Romance novelist Francine Rivers’s Bridge to Haven (Tyndale House) debuts on our Hardcover Fiction list at #6. Her own work bridges the divide between the readers who like clean romances and those who revel in the infinite variations on boy-meets-girl themes. Bridge to Haven tells the story of Abra Matthews, who is lured to Hollywood in the 1950s and becomes hot starlet Lena Scott, even as she quickly comes to realize that the luster of Tinseltown is all garish glitter. Publisher Tyndale House used social media in a variety of ways to reach the author’s sizeable fan base; Rivers has been writing since 1976 and is a member of the Romance Writers of America Hall of Fame. The publisher did a cover reveal on Rivers’s Facebook page and Web site that got almost 400,000 views. A “Raid Abra’s closet” giveaway got 600 entries and gave away a ’50s red-and-white polka-dotted scarf like the one featured on the book’s cover, along with sunglasses and a vintage handbag. Pinterest pins were used to spread the word about various giveaways. Publicity has netted lots of reviews in both the Christian and general markets; PW said “Rivers has the writing ability to reel in (those) who enjoy a well-told tale of redemption.”—Marcia Z. Nelson
Liberty, Fraternity, Income Inequality: A French Economist Storms the List
A specter is haunting Europe, Japan, and the U.S.—the specter of income inequality. So says 42-year-old French economist Thomas Piketty in Capital in the 21st Century, which jumped to #7 on our Hardcover Nonfiction list this week (up from #37 last week), and which, at the time of this writing, is the top-selling book on Amazon. Capital in the 21st Century was originally published in French last year; the English translation was released by the Belknap Press imprint of Harvard University Press in March. In it, Piketty sets out to examine the relationship between economic growth and the distribution of wealth in society (does a rising tide lift all boats, or only the QE2?) by sifting through mountains of historical data. Clocking in at nearly 700 pages, with almost 100 graphs, and endnotes that rival those of any David Foster Wallace novel, Capital in the 21st Century is an unlikely bestseller. But since its publication, seemingly countless articles have appeared about Piketty and his book in the New York Times, and the author has garnered comparisons with everyone from Christopher Lasch to John Maynard Keynes. HUP says that it’s shipped 100,000 copies of the title in the two weeks since it was released, and is going back to press six times (two each in Europe, India, and the U.S.). Piketty is currently on tour in support of the book, and he recently met with U.S. Treasury Secretary Jacob Lew in Washington, held a public discussion in New York with economist and Times columnist Paul Krugman and Joseph Stigletz, and gave talks at the IMF and UN. Whether Capital in the 21st Century will have the staying power of its namesake is anyone’s guess, but there’s no doubt that Piketty is the French intellectual de jour.—Daniel Berchenko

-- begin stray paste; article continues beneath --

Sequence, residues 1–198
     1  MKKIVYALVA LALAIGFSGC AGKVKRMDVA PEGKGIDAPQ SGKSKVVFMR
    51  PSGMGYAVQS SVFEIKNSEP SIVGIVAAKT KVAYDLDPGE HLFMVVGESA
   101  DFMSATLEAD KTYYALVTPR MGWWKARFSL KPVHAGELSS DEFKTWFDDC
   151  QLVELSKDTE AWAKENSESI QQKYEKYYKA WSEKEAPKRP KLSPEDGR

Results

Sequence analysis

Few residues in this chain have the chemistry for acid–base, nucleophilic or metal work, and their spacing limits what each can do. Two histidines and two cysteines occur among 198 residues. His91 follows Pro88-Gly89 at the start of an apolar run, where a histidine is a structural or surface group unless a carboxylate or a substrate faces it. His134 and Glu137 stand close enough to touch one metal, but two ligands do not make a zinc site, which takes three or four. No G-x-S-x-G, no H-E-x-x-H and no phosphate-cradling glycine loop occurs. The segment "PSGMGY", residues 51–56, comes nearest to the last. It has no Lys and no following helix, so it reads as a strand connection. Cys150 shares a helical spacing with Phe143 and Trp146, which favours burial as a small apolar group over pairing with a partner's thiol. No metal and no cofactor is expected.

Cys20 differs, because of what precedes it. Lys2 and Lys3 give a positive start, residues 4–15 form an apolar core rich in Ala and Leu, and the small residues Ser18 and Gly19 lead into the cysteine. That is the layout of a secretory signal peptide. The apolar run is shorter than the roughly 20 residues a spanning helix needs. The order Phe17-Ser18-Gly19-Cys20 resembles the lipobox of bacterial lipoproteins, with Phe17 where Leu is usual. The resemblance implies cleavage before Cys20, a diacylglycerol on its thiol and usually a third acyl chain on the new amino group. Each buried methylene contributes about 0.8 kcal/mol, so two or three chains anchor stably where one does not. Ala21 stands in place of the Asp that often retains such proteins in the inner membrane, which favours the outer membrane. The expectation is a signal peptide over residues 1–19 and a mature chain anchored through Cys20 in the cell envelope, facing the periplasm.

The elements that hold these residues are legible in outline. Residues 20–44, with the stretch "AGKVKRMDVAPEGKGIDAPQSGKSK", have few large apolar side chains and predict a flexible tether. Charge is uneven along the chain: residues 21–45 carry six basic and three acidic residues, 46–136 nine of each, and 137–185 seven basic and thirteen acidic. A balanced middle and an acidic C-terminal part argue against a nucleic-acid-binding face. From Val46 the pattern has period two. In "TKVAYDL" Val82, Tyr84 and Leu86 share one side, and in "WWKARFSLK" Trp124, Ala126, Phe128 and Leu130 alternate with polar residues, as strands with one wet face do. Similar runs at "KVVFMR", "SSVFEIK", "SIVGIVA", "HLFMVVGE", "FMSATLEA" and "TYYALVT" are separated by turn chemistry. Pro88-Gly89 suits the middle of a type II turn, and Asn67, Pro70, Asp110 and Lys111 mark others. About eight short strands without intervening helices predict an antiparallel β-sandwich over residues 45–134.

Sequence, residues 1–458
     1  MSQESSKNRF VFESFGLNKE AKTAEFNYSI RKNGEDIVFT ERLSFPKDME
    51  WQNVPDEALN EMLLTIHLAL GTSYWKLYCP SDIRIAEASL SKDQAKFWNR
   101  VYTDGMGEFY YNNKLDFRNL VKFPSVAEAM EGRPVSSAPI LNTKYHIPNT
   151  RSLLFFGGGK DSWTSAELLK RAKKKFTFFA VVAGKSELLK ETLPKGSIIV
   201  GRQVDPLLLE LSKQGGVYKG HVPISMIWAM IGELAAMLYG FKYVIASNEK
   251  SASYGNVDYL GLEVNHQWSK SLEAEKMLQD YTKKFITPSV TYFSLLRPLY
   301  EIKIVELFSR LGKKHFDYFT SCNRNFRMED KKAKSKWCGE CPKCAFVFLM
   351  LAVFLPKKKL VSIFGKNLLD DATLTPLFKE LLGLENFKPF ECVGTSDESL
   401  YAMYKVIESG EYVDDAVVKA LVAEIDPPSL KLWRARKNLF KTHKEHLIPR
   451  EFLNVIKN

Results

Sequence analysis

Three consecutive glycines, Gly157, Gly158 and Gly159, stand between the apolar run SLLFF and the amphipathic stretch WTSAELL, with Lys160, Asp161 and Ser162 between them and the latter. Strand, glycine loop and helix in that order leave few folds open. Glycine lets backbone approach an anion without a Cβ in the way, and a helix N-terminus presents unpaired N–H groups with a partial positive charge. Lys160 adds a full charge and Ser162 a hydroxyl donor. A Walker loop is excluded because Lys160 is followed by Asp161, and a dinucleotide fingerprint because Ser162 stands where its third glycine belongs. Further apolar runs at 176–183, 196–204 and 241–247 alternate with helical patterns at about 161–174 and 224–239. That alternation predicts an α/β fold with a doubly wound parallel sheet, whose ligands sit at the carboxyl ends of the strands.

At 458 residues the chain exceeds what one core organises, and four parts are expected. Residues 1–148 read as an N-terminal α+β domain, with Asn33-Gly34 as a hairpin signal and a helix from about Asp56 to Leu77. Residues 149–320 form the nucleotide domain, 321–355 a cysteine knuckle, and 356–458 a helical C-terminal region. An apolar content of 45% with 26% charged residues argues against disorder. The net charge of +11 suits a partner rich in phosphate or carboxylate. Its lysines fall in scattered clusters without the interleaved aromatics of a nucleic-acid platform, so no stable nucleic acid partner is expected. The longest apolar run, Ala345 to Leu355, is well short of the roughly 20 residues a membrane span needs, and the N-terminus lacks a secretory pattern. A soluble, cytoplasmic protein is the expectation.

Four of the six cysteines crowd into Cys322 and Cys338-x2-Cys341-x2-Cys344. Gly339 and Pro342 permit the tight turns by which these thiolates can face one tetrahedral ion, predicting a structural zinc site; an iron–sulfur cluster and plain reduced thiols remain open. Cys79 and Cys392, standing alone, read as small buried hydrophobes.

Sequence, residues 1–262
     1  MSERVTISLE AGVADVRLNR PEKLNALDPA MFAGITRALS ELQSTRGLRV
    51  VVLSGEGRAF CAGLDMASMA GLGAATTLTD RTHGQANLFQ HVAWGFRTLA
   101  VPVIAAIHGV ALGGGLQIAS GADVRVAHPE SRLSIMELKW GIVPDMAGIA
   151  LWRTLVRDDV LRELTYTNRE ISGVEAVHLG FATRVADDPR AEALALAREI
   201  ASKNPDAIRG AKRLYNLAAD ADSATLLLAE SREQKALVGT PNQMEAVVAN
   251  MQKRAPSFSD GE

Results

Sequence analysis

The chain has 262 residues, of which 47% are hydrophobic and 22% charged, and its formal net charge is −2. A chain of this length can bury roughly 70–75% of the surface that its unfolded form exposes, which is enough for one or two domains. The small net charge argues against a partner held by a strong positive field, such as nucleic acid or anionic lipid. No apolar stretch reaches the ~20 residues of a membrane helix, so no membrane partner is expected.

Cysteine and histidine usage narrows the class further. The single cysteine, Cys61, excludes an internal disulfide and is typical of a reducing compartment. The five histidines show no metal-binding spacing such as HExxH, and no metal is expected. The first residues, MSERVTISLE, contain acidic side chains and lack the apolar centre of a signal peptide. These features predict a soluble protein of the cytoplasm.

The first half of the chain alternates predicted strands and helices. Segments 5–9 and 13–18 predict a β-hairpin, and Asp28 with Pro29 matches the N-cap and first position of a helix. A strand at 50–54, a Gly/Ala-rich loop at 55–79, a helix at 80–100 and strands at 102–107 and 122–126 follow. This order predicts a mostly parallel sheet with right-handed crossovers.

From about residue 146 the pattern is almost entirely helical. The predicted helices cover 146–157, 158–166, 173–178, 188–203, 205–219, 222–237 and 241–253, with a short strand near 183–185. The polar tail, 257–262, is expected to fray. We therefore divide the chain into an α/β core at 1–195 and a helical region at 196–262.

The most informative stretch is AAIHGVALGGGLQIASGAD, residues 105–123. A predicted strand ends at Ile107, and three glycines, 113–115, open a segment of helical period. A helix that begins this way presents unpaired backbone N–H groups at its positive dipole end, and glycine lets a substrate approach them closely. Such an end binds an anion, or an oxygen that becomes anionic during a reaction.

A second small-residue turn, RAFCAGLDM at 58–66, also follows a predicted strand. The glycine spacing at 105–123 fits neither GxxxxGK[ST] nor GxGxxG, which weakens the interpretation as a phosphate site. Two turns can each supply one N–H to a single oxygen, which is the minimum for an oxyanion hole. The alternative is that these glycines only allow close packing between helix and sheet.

Top 10 Overall
|Rank||Title||Author||Imprint||This Week Units|
|1||Smart Money Smart Kids||Dave Ramsey||Lampo Press||75,207|
|2||The Target||David Baldacci||Grand Central||58,318|
|3||The Fault in Our Stars||John Green||Penguin/Speak||41,468|
|7||Heaven Is for Real (movie tie-in)||Todd Burpo||Thomas Nelson||34,219|
|8||Heaven Is for Real||Todd Burpo||Thomas Nelson||31,423|
|9||Gone Girl||Gillian Flynn||Broadway Books||26,804|
|10||Never Go Back||Lee Child||Dell||26,482|